Open carry is legal in Texas, but You must have a license to carry issued by Texas or a permit/license that Texas honors. If open carrying, the firearm must either be in a shoulder holster or a belt holster. LEOs have the authority to ask if You have a permit/license to carry when open carrying. If asked, You must display Your license/permit.

Open carry is not allowed on the campuses of any four-year public college/university/Jr. or community colleges. Beginning August 1, 2017 public four-year universities and public two-year colleges must allow concealed carry in campus buildings. Universities are allowed to designate certain sensitive areas as “gun free zones.”

Self-defense Laws

Texas has both Castle Doctrine and SYG laws. There is no duty to retreat from any place You have a legal right to be. You may use force, including deadly force, in defense of yourself or others if You reasonably believe it is necessary to prevent imminent death, SBI, the commission of a forcible felony, or to stop the unlawful & forcible entry into a dwelling, place of business, or occupied motor vehicle.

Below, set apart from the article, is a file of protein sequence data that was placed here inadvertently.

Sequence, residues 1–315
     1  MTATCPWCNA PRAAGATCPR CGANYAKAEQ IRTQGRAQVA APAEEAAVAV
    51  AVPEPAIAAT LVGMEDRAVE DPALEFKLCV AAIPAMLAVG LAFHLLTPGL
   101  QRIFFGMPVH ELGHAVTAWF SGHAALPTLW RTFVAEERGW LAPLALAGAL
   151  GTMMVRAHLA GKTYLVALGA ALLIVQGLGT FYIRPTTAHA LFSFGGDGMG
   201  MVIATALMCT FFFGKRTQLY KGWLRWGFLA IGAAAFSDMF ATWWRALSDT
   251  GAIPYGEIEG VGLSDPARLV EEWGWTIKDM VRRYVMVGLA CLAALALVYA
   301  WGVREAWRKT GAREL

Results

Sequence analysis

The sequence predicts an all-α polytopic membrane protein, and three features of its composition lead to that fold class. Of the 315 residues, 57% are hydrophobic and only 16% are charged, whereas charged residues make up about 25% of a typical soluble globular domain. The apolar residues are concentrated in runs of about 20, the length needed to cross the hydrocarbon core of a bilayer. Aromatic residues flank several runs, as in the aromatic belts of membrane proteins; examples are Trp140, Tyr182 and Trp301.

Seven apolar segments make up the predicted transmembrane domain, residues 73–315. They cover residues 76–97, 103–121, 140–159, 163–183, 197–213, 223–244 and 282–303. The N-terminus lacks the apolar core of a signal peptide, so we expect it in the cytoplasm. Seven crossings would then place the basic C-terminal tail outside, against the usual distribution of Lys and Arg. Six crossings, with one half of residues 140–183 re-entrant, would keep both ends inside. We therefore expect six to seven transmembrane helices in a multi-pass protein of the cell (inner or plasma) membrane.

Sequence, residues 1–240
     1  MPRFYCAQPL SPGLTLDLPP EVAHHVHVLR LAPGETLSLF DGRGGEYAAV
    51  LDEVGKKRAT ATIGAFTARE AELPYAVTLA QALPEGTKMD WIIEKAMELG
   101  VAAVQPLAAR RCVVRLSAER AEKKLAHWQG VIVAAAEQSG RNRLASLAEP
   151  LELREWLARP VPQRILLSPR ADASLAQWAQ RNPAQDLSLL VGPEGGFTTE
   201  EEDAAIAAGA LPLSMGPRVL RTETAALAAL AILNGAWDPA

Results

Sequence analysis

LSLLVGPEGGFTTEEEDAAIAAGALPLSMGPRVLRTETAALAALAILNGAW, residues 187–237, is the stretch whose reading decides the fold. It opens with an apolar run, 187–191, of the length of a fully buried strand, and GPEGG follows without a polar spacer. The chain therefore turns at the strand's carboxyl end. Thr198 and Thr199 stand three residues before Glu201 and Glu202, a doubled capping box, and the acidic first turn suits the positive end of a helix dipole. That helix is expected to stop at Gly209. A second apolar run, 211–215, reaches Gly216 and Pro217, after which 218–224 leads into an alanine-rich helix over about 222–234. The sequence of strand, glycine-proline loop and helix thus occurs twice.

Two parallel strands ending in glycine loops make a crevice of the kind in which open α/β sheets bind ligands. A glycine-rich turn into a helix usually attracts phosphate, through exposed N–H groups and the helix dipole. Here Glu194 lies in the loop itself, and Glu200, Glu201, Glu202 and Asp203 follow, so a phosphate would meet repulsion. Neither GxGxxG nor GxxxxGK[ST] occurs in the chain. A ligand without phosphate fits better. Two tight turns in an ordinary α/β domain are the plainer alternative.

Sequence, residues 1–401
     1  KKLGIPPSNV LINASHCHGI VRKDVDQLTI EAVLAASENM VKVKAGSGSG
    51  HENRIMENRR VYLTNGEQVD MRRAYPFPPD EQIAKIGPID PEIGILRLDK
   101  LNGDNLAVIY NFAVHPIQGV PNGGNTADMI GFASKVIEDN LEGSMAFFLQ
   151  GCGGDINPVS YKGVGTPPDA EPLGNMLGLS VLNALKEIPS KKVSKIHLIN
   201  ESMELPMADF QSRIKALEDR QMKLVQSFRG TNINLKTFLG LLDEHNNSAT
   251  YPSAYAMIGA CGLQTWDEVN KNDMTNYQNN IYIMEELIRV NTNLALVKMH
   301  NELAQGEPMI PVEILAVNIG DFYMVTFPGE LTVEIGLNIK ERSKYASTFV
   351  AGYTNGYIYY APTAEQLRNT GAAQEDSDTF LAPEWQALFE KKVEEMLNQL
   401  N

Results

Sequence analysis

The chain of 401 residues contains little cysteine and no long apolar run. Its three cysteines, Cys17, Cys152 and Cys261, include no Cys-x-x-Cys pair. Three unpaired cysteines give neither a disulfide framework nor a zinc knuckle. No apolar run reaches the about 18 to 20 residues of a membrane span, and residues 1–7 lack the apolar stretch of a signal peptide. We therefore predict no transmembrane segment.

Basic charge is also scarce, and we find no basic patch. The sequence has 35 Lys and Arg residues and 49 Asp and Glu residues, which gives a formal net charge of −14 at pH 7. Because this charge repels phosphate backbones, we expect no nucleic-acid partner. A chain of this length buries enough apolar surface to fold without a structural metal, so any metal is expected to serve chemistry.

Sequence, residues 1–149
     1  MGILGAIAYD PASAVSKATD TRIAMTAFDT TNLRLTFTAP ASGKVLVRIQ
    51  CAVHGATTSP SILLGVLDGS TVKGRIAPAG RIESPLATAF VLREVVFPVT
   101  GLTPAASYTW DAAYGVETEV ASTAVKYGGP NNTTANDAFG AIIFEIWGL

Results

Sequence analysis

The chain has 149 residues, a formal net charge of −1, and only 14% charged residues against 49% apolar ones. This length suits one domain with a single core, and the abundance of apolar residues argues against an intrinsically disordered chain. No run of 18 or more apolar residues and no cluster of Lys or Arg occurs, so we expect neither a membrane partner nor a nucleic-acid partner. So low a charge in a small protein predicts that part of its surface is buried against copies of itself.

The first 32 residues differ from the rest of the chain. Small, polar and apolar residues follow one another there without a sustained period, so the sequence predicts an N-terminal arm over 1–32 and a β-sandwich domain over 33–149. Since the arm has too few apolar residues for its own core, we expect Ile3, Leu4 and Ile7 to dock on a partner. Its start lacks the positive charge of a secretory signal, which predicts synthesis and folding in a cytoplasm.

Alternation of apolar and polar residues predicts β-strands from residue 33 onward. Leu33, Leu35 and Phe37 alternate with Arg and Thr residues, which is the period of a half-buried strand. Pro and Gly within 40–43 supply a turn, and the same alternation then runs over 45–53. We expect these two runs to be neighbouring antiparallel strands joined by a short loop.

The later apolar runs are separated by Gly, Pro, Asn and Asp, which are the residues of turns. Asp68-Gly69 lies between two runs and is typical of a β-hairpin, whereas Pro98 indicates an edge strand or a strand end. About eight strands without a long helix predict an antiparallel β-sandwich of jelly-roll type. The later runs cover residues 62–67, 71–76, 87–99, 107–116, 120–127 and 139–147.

Criminal Provisions

In Texas it is unlawful to possess a firearm in the following prohibited places:

  • A license holder may carry concealed, but not openly, on the premises of an institute of higher education.
    • No private or public institution of higher education may enact any regulation prohibiting or restricting the storage or transportation of a firearm or ammunition in a locked, privately owned vehicle including a student enrolled at the institution
    • The president of institutions of higher education must develop reasonable rules and regulations governing the carrying of handguns by license holders on campus, and these rules must not have the effect of general prohibiting license holders from carrying on campus